Healthy Families Challenge: Meet the Drevitches

Filed under: Healthy Families Challenge

Hello, America!

We're the Drevitch family of New York City, and we're looking forward to dieting and exercising for your viewing and reading pleasure over the next eight months.

I'm Gary, the dad. I work full-time as the editor of a website here in Manhattan, and I probably have the most concrete fitness goals of anyone in the family. I need to lose some weight. I was a heavy kid growing up, until a crash diet before my senior year of high school erased 40 pounds and helped me get a prom date. After that, I was a fairly fit young adult, working out, running and playing in basketball leagues. However, my weight has crept up since the birth of my second child, which signaled the end of most of my free time for exercising. (The arrival of the third didn't help, either.) I'm 42 now and my wife says she's waiting for me to hit a midlife crisis and start training for the New York City marathon.

That's not going to happen.

But I'd be thrilled to lose 20 pounds in the months to come, and I'm looking forward to getting expert advice on making the most of my workouts.

My wife, Lynn, and I celebrated our 10th wedding anniversary a year ago. She's 44 and, by far, a healthier influence on the kids than I am. She makes time for exercise in the gym, the pool and the park. On weekends, she takes the two older kids on long bike rides along the Hudson River, great fun for all. She also has the most balanced diet in the family, and while I find repulsive some foods she adores -- like beets -- during the Healthy Families Challenge we hope we can get the kids (and me) to enjoy more of the fruits and vegetables she loves. Lynn, a busy lawyer with several public-service commitments, would also like to find more time for fitness in her schedule, and hopefully lose a few pounds herself, though she looks terrific to me.

And then there are the kids, Benjamin, Natalie and Adam. We wouldn't have joined the Challenge if they didn't agree to play ball, but they're definitely plotting some resistance to our plans to get them to eat healthier. So tune in for that ongoing battle.

Benjamin is a lean and muscular 9-year-old. He's been in Little League for years; he plays shortstop and lives to turn double plays. He plays football at the playground with his friends, runs laps in the school gym, rides his bike and loves to go to the park with me to throw the Frisbee around. He's also a top chess player -- he and his public-school teammates won a national championship last year. We're amazed by his ability in the game; we're also amazed by how much junk food he and his fellow players consume at their all-day tournaments. Benjamin's fitness goals are to improve in some sports that he loves, like tennis and ice-skating. We'd also like him to improve his swimming.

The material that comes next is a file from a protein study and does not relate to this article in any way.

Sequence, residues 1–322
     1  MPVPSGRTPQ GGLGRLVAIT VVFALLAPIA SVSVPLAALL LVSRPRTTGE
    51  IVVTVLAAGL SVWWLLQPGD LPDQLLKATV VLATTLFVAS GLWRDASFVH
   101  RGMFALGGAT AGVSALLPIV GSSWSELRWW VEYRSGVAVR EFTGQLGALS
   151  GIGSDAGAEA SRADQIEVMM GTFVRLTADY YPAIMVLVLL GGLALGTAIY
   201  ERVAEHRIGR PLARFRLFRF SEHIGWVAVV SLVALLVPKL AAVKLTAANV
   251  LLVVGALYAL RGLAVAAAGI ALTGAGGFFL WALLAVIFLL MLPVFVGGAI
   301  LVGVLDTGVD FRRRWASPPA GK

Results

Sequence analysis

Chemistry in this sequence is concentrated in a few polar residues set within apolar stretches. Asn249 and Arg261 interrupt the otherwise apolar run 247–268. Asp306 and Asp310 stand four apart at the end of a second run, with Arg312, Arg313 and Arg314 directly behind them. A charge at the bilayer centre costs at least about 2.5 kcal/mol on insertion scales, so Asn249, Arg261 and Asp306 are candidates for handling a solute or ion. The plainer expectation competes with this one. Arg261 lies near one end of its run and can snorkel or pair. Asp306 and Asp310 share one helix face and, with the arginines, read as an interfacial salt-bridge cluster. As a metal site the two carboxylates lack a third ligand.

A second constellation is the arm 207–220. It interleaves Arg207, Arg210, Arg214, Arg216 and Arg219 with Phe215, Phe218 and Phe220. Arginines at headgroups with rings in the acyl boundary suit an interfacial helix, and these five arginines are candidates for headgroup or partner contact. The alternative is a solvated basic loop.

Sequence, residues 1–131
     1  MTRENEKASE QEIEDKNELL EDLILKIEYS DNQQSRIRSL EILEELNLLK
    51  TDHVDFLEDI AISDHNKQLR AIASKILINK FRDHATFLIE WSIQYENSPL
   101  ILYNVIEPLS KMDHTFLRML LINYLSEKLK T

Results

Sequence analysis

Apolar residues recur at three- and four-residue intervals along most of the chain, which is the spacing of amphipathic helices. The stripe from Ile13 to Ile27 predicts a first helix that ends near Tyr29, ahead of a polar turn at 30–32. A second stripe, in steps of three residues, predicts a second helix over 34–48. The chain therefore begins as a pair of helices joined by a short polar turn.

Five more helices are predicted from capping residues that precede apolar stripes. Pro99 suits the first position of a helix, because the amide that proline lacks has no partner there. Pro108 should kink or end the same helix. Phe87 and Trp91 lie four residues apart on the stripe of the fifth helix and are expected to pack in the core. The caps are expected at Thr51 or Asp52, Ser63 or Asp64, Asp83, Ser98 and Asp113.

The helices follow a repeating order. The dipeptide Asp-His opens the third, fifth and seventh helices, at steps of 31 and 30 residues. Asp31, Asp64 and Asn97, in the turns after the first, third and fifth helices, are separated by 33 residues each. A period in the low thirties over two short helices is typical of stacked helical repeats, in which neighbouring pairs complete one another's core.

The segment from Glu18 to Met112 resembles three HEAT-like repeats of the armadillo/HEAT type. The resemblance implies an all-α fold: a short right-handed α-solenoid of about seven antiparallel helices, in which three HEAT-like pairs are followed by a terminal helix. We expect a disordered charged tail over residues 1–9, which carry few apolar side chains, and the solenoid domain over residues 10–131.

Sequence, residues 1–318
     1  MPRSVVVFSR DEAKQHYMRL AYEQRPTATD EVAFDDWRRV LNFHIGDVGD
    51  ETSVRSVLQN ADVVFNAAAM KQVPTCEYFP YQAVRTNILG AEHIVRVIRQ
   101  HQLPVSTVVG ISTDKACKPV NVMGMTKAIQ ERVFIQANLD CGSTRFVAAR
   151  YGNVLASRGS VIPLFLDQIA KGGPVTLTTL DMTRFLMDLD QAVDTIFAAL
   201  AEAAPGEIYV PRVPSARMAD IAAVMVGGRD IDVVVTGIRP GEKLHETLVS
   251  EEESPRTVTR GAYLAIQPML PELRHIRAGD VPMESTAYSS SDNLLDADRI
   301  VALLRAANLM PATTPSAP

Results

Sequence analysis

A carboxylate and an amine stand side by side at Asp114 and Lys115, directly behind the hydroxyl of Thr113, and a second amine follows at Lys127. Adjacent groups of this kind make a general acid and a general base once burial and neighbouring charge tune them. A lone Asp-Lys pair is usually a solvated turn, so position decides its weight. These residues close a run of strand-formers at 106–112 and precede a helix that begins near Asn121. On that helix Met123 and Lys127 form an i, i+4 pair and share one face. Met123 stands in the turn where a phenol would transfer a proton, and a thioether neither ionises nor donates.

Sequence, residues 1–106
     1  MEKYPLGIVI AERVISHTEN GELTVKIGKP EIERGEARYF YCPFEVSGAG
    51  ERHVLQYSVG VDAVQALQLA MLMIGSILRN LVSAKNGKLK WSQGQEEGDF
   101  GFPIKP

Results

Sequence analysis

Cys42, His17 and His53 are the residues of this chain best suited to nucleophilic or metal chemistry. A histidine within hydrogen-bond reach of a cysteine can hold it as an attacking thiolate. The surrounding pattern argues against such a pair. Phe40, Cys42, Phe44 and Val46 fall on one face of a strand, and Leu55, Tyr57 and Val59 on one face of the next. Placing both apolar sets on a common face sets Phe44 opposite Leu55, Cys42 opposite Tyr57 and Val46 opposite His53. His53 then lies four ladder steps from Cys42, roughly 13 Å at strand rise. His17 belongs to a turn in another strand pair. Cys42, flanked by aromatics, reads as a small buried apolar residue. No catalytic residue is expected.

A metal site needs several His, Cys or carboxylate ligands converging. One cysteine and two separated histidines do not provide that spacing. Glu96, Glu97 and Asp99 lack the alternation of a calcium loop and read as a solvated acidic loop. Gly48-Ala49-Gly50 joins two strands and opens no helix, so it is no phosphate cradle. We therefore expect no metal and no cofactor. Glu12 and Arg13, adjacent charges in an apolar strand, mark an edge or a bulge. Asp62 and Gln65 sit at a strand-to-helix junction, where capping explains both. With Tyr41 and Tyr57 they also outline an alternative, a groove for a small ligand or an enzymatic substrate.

Natalie, 7, is our middle child. She shares her dad's love for carbs, which we'd like to balance with some of her mom's love for fruit and salads. She does great things in her gymnastics class, loves biking and swimming, and will play soccer in the spring. She's also curious to try some new sports, including skating and maybe even fencing.

Adam, our 4-year-old, is the happiest little fellow we know. All he wants to do is play with his big siblings or, failing that, his mom or dad. He likes baseball -- he pretends to be "a Red Sox guy" (I'm from Boston, so the kids are diehard Sox fans). He's eager to learn to swim, and we'd like to get him to sit down at the table to eat the same meal at the same time as everyone else. (Anyone else have this challenge with a 4-year-old?) One thing I know: He'll steal the scene in all our family videos.

So that's us, a pretty typical Manhattan family. Everyone has different commitments every day of the week, and sometimes eating right and staying fit become lower priorities. We know we could use some better strategies.

And we're open to anything -- except beets.

Who's the rest of the competition? Check out all the challengers' latest updates here.

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AdviceMama Says:
Start by teaching him that it is safe to do so.